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Could Brazil become an anti-vax holiday destination?

This week, the Brazilian government announced it would not demand foreign visitors present proof of Covid-19 vaccination to enter the country, with far-right President Jair Bolsonaro and Health Minister Marcelo Queiroga declaring they would rather die than lose their freedom.

Under mounting pressure from experts and health regulators amid the arrival of the Omicron coronavirus variant, the new Brazilian rule states that unvaccinated tourists need only obey a five-day quarantine period before being released after a negative Covid test. Even the rules for quarantine are vague, not mentioning where travellers should isolate themselves, or whether there will be any follow-up from health authorities.

The move bucks the trend seen in countries such as Japan, Israel, and Argentina, which closed their borders or enforced tighter coronavirus restrictions, such as requiring proof of full vaccination as well as a 10-day quarantine.

Visitors who have tested negative for Covid-19 and present proof of vaccination can circulate freely around the country, without the need for isolation.

Health regulator Anvisa, the Federal Accounts Court, the Public Defender’s Office, and other health-related agencies have lobbied the government to demand immunization certificates from all visitors coming from outside Brazil.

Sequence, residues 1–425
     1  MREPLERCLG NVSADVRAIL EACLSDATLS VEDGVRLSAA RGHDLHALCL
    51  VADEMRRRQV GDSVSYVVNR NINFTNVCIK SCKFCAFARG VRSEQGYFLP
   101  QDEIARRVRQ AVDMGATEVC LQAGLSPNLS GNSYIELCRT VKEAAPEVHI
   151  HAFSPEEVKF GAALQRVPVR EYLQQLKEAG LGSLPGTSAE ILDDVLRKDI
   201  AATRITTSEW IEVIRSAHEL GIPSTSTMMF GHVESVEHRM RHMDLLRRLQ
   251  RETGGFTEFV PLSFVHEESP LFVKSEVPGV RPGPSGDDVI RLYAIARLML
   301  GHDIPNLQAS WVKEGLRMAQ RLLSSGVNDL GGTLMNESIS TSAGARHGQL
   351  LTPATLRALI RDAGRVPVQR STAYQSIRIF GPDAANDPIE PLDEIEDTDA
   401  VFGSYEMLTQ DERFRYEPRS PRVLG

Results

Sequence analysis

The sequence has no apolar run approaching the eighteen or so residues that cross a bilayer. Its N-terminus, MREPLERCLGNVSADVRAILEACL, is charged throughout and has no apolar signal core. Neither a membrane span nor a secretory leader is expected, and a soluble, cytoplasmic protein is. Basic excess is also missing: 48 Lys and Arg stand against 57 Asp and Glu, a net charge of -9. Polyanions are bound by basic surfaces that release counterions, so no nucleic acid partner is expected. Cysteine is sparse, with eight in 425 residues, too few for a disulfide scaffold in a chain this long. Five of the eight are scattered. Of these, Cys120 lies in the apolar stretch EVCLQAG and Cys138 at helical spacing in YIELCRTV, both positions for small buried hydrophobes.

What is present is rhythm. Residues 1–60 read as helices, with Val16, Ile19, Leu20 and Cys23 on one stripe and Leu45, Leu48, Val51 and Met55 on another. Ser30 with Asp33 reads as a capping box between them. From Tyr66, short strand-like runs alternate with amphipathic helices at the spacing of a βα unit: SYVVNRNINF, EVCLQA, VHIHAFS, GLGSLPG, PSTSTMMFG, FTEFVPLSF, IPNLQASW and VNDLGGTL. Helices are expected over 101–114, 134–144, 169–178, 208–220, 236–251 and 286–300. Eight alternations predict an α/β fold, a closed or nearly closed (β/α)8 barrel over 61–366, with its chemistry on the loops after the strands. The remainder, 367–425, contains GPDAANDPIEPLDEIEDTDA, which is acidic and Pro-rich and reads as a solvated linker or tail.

President Bolsonaro has likened vaccine passports to dog leashes, claiming he has yet to be vaccinated against the coronavirus and maintaining his support for using ineffective drugs to fight the disease.

Oddly, the head of state has recently shown himself to be on both sides of the coronavirus safety debate, saying he is in favor of cancelling Carnival celebrations in early 2022 due to perceived Covid risks — yet remaining happy to allow unvaccinated foreigners into the country.

Half a dozen cases of the Omicron variant have been identified in Brazil so far. While it remains unclear whether the mutation will be able to circumvent vaccine protections and cause renewed health crises, experts have preached caution. Mr. Bolsonaro, on the other hand, is happy to take a gamble.

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